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The Presidents And The Presidency
Through the years the chief executive’s job has grown in power. Here is a study of the men who made it a greater office.
April 1956 | Volume 7, Issue 3
Lincoln came to the presidency with virtually no preparation and no preconception of the authority it embodied. But he had sworn an “oath registered in Heaven” to defend the Constitution, and in his inaugural address he promised his fellow citizens to save the Union without which the Constitution would be nothing but a scrap of paper. He had little concern for the form his actions might take; he meant only to act—as commander of the armed forces, executor of the laws, and sole possessor of the shapeless grant of power in the opening words of Article II.
In his effort to save the Union, Lincoln pushed the powers of the presidency to a new plateau. In the course of his famed eleven-week “dictatorship” he called out the militia, clamped a blockade on the South, enlarged the regular army and navy beyond statutory limits, advanced public moneys to persons unauthorized to receive them, pledged the credit of the United States for a sizable loan, closed the mails to “treasonable correspondence,” authorized potential traitors to be arrested, and suspended the writ of habeas corpus along the line of communication between Washington and New York.
“As Commander in Chief in time of war,” he told some visitors from Chicago, “I suppose I have a right to take any measure which may best subdue the enemy.” We need not look beyond the Emancipation Proclamation and the declaration of martial law in Indiana to learn what he meant by “any measure.”
There is a good deal more than this to tell about Lincoln’s presidency—the shabby performance as administrator, the creditable performance as diplomat, and the astounding performance as politician and leader of public opinion. But this point should be made clear: through the boldness of his untutored initiative, through an unprecedented plea of necessity, and through an unique interpretation of executive power, Lincoln raised the presidency to a position of constitutional and moral ascendancy that left no doubt where the burden of crisis government would thereafter rest.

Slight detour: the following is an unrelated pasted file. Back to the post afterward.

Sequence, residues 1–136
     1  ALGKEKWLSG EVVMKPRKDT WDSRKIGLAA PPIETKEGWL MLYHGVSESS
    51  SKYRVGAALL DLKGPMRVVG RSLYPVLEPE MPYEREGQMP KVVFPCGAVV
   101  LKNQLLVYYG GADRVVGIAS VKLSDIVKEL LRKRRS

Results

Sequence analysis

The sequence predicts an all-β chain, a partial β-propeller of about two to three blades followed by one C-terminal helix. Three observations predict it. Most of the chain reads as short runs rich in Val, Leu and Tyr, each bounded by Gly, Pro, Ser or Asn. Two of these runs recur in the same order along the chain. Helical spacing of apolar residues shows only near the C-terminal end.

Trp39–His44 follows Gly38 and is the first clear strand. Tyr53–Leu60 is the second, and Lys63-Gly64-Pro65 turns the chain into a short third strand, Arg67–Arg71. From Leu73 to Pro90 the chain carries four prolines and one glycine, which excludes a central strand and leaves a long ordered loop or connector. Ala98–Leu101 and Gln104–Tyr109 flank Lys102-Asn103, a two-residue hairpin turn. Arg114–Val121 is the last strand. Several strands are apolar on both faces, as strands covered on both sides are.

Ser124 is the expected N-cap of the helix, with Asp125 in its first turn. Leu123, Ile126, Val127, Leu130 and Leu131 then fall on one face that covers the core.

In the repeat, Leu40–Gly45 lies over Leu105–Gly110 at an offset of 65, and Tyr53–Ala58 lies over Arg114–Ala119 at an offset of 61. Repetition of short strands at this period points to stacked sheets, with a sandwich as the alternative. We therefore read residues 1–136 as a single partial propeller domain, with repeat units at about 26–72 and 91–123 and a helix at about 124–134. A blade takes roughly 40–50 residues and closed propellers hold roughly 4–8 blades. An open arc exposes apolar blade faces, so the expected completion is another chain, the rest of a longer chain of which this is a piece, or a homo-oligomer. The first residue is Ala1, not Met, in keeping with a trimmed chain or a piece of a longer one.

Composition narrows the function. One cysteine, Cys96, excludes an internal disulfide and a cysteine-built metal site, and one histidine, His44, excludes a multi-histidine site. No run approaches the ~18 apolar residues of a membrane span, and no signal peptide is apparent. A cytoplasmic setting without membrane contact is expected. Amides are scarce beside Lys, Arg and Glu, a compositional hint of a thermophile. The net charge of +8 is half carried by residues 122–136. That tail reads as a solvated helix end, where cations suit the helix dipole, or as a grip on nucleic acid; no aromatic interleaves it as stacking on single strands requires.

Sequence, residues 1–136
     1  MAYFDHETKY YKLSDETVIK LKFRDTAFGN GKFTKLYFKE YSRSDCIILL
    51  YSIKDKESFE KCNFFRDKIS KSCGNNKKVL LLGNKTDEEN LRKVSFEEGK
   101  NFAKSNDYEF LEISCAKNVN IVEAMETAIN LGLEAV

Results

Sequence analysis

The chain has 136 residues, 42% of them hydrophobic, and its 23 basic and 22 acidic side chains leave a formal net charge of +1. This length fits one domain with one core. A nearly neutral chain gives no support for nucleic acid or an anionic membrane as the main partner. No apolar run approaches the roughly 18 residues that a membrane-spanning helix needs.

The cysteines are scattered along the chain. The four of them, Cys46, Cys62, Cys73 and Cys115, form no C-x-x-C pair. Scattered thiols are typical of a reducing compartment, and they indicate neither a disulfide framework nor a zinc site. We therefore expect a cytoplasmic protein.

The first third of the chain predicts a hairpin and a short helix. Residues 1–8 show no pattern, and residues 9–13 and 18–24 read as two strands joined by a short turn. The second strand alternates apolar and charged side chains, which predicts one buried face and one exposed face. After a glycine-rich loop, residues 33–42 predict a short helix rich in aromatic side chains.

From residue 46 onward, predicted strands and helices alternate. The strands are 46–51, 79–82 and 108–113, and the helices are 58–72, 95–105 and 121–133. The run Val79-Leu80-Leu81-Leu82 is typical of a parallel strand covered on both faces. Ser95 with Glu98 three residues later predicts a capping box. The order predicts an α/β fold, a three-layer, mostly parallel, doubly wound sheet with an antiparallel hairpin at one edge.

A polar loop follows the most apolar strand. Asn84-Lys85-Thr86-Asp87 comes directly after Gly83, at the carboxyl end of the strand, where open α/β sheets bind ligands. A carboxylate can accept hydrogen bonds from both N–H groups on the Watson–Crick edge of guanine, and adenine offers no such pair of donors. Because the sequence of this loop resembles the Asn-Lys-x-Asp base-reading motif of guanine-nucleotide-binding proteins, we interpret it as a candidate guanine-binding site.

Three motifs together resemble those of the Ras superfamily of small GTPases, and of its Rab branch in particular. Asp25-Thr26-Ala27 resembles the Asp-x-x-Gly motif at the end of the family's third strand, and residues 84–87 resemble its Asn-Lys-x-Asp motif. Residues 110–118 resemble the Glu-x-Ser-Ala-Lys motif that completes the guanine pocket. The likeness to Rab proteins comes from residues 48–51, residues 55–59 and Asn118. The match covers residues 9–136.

Lincoln, like Jefferson, left the presidency temporarily enfeebled. There were times in the next thirty years—under Grant and Arthur and Harrison—when the presidency seemed to have declined permanently in relation to Congress. But our rise to industrial might and our grand entrance upon the stage of world politics turned the course of the presidency once more upward, and Colonel Roosevelt galloped into the White House as our first modern President.
It is hard to come to grips with Theodore Roosevelt, just as it is with any boy of six. There are times when he has the look of a genuinely great man, and times when he has the look, as Mark Hanna said, of a “damned cowboy.” He was, beyond a doubt, a strong President, and no small part of his strength lay in the fact that he was a cowboy. For what Roosevelt gave the presidency was the breathless drama of a Western movie, and he never left the audience in doubt that he was the “good guy” and the other fellows—Democrats, Senators, monopolists, Socialists, diplomats, nature-fakers, muckrakers—the “bad guys.” With the help of an active and attractive family, he put the presidency on the front page of every newspaper in America, and there it has remained ever since with huge consequences for its status and authority. Teddy lived the dreams of every red-blooded American boy: he punched cattle, led a cavalry charge, became President, and, when it was all over, went off to shoot lions and elephants’in Africa.
T. R. was a brilliant molder and interpreter of public opinion who confessed happily that the White House was a “bully pulpit.” He scored several genuine triumphs as leader of Congress and thus gave substance to his theory that “a good executive under present conditions of American life must take a very active interest in getting the right kind of legislation.” He conducted our diplomacy with unusual vigor, although his stick was not so big nor his voice so soft as he liked to boast. Still, the Panama Canal and the Treaty of Portsmouth were rather substantial achievements for those days.
Unfortunately for Teddy, but probably fortunately for the country, there was no real crisis in all his seven years that would permit him to prove conclusively that he was, as he insisted, a “Jackson-Lincoln” as opposed to a “Buchanan” President. The nearest thing to such a crisis was the anthracite coal strike of 1902, which he managed to settle before being pushed into executing his plans, first revealed fully in his Autobiography (1913), to have the Army seize and operate the mines. This event, his land withdrawals, and several other minor exertions of authority led him to state the famed “Stewardship Theory” which is still the most adroit literary justification of the strenuous presidency.
Woodrow Wilson was the best prepared President, intellectually and morally, ever to come to the White House. He proved himself an able administrator, a shrewd leader of his party, a sensitive “spokesman for the real purpose and sentiment of the country,” an impressive head of state, and a genuinely effective leader of legislation.